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Watch next step in space exploration Thursday morning in Raleigh

Posted December 2, 2014

The Orion EFT-1 mission will travel 60,000 miles reaching an altitude 10 times that of the Space Shuttle before splashing down in the Pacific (Image: NASA)

NASA will step into the next chapter in space exploration Thursday with the launch of the first Orion Exploration Test Flight (EFT-1). This is the first time a vehicle designed for human spaceflight has left low-Earth orbit in more than 40 years.

EFT-1 will test critical spacecraft separation events during ascent and deorbit, performance of the thermal protection system during a lunar-like return and demonstrate descent, landing and recovery of the spacecraft including the heat shield and series of eight parachutes responsible for reducing it from nearly 20,000 mph to less than 20 mph over just a few minutes.

The Orion capsule looks a bit like the Apollo Command Module, and they are both designed for a soft landing in water (the Russian Soyuz capsules land in the deserts of Kazakhstan – hard!).

Apollo and Orion capsules

Orion’s crew compartment is 29 percent wider but only about half the mass thanks to new aluminum alloys and milling techniques that retain the strength of the material while shedding most of the mass. Apollo was designed for a crew of three. Orion can hold twice that number many for the short trip to the International Space Station, but it will be limited to a crew of four for longer flights beyond the moon.

Advances made during the space shuttle era have been incorporated into Orion. The heat shield, the largest ever created for a capsule, uses tiles made of the same lightweight material that protected the shuttle on re-entry. Crew seats also come from the shuttle. Refurbished Space Shuttle Main Engines, still the most efficient large rocket engine ever designed, will be used on the service module.

Space Shuttle Main Engines

Comparisons of this flight to unmanned Apollo test flights of the early to mid 60s are appropriate. Orion EFT-1 has elements of the five Apollo AS-100 series flights atop Saturn I in 1964 and 1965 as well as the three Apollo AS-200 missions atop the Saturn IB in 1966. Those flights also verified the structural integrity of the capsule and tested the jettison of the escape tower and the heat shield on re-entry.

The mission ends when Orion splashes down off the coast of Baja, California. While the launch and recovery points are far from the Triangle, this launch day would not have come if not for testing closer to home.

Splashdown has been thoroughly tested at NASA’s Langley Research Center in Hampton, Va. I’ve been present for two of those tests and have the wet shoes to prove it. A boilerplate capsule of the right mass and center of gravity is hoisted and swung into he center’s Hydro Impact Basin. The Structural Passive Landing Attenuation for Survivability of Human-crew (SLASH) trials were performed at a variety of angles and speeds to test the capsule’s behavior.

Splashdown of Orion

The first test I saw was at a steeper angle than the parachutes are designed to allow resulting in a dramatic flip of the capsule in the 1-million-gallon pool.

The early weather forecast from the Air Force's 45th Weather Squadron predicts 60 percent go conditions with coastal showers and winds as the only concerns.  Coverage of the launch begins on NASA TV at 4:30 a.m. Thursday ahead of the launch planned for 7:05 a.m. EST and continues throughout splashdown at 11:28 a.m. EST with coverage of recovery.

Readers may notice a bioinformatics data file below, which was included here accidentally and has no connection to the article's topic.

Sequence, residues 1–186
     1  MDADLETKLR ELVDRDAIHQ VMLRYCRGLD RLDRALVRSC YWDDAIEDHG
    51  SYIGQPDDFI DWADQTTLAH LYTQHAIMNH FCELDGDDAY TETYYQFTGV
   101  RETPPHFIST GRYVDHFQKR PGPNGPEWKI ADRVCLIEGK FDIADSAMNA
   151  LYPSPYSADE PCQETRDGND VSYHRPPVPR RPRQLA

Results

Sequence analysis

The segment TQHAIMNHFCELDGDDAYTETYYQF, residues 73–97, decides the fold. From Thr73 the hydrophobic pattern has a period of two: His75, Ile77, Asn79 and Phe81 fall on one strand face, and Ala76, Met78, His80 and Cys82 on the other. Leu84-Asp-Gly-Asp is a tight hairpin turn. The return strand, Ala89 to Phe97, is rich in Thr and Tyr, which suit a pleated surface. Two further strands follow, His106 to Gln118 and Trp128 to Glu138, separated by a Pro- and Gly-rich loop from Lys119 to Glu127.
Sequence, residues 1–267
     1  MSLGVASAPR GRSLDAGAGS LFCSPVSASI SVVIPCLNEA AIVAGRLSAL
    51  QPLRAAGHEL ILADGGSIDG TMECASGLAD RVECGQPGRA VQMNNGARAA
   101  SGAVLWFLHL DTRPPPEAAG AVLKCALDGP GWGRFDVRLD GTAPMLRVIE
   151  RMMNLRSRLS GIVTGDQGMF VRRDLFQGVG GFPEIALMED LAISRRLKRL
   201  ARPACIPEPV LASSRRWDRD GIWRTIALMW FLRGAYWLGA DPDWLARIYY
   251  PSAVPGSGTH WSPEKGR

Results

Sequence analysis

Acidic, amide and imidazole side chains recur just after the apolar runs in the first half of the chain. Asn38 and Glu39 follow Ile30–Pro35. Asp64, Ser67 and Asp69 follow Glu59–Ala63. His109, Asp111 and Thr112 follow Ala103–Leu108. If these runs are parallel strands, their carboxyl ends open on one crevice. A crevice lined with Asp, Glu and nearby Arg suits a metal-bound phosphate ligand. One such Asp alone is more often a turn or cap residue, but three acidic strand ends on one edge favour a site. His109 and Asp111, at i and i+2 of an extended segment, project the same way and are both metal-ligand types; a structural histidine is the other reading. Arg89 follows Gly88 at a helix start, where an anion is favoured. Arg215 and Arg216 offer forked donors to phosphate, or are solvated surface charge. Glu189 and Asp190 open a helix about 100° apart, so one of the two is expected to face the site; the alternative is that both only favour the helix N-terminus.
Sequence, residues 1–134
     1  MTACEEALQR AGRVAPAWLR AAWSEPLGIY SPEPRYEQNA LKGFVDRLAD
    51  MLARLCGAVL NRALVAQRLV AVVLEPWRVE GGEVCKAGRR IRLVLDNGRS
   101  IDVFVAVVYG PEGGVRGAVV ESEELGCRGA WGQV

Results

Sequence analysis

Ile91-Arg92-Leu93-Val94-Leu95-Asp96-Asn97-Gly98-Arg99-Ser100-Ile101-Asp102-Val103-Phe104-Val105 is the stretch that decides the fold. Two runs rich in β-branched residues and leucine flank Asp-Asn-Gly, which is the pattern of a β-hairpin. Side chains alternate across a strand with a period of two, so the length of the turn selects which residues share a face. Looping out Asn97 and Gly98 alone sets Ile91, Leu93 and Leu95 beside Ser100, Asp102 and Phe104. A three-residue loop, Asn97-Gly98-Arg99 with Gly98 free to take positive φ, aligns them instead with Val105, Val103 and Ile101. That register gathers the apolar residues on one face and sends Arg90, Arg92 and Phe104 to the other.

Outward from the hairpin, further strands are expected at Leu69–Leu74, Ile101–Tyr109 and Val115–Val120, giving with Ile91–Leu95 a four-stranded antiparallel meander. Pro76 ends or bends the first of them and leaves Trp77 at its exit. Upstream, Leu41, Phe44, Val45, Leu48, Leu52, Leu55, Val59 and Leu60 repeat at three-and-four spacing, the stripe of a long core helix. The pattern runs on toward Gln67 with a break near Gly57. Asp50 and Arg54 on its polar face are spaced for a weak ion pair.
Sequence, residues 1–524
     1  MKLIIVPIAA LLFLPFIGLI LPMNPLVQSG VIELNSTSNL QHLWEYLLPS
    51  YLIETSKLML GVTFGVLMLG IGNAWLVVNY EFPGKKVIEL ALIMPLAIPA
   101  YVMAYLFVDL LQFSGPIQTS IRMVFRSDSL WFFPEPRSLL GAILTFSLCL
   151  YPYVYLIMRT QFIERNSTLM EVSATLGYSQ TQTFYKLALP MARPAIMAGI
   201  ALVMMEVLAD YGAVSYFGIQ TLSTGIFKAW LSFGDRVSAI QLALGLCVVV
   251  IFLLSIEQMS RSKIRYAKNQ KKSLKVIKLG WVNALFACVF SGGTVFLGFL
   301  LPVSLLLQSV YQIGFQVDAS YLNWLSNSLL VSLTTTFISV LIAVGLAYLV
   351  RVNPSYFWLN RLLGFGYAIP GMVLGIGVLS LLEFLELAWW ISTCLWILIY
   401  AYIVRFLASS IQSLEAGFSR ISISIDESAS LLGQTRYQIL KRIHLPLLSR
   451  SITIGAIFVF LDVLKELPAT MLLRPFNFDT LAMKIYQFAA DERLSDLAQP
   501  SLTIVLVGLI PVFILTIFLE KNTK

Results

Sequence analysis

The North Carolina Museum of Natural Sciences is opening its doors at 6:45 a.m. Thursday for live viewing of the launch and recovery of Orion inside the massive dome of the Daily Planet. Doughnuts and coffee will be served.

Dr. Rachel L. Smith, director of the Astronomy & Astrophysics Research Lab will speak at 12:30 p.m. on how Orion enables humans to explore deep space. I'll have a talk at 1:30 p.m. with details of the mission we just saw and next steps in the Orion and space launch programs.

Tony Rice is a volunteer in the NASA/JPL Solar System Ambassador program and software engineer at Cisco Systems. You can follow him on twitter @rtphokie.


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  • airsikblue Dec 11, 2014

    Well yeah. Because murikkka has done so good with the land it stole, murdered, and raped for, why not head out into space

  • CaptainSpleen Dec 3, 2014

    View quoted thread

    SpaceX and Orbital Sciences are only capable of reaching low-Earth orbit with something as massive as the Orion capsule. They can only reach higher orbits with lighter payloads. I hope they'll build bigger launch vehicles at some point, but for now, almost all of the demand is for low-Earth orbit. Exploration beyond that is still pretty much only within the means of governments.

  • Ty Shrake Dec 3, 2014
    user avatar

    View quoted thread

    All true, but I think competing with NASA is a good thing, so I encourage NASA to keep working on these programs.

    I just hope the White House doesn't pull the plug on this like they did our manned space program.

  • Shelly Hudson-Baker Dec 3, 2014
    user avatar

    Fantastic & informative article, will be setting my DVR! A few years back (2007 or so) the Museum of Natural Sciences had a wonderful exhibit with some prototypes regarding this mission...my how time has flown!

  • Chris VanderHaven Dec 3, 2014
    user avatar

    Part of me hopes for a successful test. The other part, the SpaceX-supporting part, hopes for issues. SpaceX is able to do all of this much cheaper than even NASA can, and has shown successful tests of everything so far, including their ground-landing capabilities, making water landings only needed in emergency situations. I'm just bummed I won't be available to watch the launch.

  • goldeagle Dec 3, 2014

    Will be nice to see a milestone reached.

  • abwhite88 Dec 3, 2014